There is a moving entry from 13 February 1745: ‘Buried a woman that came to ask charity at Packington Hall and died in the fold there.’

On 13 March 1758, the registers record the death of ‘James Holmes who was kill’d by a waggon wheel at Mr Manley’s of Swinfen.’ An unnamed 'Travelling Irishman' was buried is recorded as being baptised on on 15 August 1759, although this must surely refer to a burial. On 24 February 1760, we read of the death of ‘Mr Joseph Grundy from Swinfen Hall, who was killed by being thrown off a load of Hay.’

Some the entries record family tragedies in very simple terms. Jone (Joan) Basford, the daughter of Raphe Basford, was baptised on 28 January 1571, ‘and was burried [sic] the morrow after.’ An unknown stranger is buried on 3 February 1578 without being named. Thomas Thickbrome’s two daughters, Margaret and Ellin, are buried within ten days of each other in October 1580. Robert and Constance Turner, brother and sister, were baptised on 7 March 1586 – they were both buried five days later. Charles, the son of Joseph and Mary Wyatt, was baptised on 27 November 1757, and buried the next day.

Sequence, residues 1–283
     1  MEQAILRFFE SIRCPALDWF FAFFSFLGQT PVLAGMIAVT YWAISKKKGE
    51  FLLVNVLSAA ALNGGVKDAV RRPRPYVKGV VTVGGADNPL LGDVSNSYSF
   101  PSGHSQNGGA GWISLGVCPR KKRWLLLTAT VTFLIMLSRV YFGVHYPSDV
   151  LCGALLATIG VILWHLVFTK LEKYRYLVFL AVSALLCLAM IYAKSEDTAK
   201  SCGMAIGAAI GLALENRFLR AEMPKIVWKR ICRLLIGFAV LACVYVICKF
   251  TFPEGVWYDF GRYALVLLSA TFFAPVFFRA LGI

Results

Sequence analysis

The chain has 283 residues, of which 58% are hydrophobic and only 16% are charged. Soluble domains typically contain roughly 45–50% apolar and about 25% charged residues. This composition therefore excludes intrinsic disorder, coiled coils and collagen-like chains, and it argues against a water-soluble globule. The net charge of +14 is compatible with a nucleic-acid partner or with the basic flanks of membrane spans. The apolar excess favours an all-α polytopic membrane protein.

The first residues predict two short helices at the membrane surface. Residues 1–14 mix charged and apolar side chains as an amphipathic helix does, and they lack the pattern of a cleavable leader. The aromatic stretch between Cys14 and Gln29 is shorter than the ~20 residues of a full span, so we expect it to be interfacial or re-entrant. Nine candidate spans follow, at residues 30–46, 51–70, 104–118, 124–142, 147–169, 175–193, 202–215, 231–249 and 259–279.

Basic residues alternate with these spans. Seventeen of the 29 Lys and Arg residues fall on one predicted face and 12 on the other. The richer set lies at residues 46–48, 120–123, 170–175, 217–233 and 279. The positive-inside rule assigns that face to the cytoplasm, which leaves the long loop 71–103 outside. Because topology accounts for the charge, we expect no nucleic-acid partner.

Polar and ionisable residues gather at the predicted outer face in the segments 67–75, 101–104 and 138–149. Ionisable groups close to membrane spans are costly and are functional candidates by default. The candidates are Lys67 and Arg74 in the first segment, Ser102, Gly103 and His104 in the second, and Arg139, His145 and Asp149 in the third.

To read of the high rate of infant mortality, even centuries later, is heart-rending.

Thomas Tew and Ales Mustard were married on 2 December 1574, and their son William was baptised three weeks later, on Christmas Day 25 December 1574. The registers can be quite blunt, or even cruel, in commenting on domestic situations. A child baptised in 1576, and another in 1578, are each described as spurius, while a child baptised in 1584 is said to be ‘baseborne.’

There are three sad entries, one after another, on 2 August 1591, beginning with the burial of Elizabeth Maxfield, noting ‘The said Elizabeth Maxfield a little before her death of two sonnes, the name of the first is Edward, the other Thomas, the father of the said children is unknown.’ The writer then goes on to record the baptisms that day of each new-born child.